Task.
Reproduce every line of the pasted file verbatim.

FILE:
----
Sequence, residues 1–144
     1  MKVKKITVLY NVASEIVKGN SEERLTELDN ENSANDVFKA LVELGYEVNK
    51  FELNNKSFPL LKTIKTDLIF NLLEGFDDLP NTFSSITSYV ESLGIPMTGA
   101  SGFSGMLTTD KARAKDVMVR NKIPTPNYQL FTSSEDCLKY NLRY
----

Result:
Sequence, residues 1–144
     1  MKVKKITVLY NVASEIVKGN SEERLTELDN ENSANDVFKA LVELGYEVNK
    51  FELNNKSFPL LKTIKTDLIF NLLEGFDDLP NTFSSITSYV ESLGIPMTGA
   101  SGFSGMLTTD KARAKDVMVR NKIPTPNYQL FTSSEDCLKY NLRY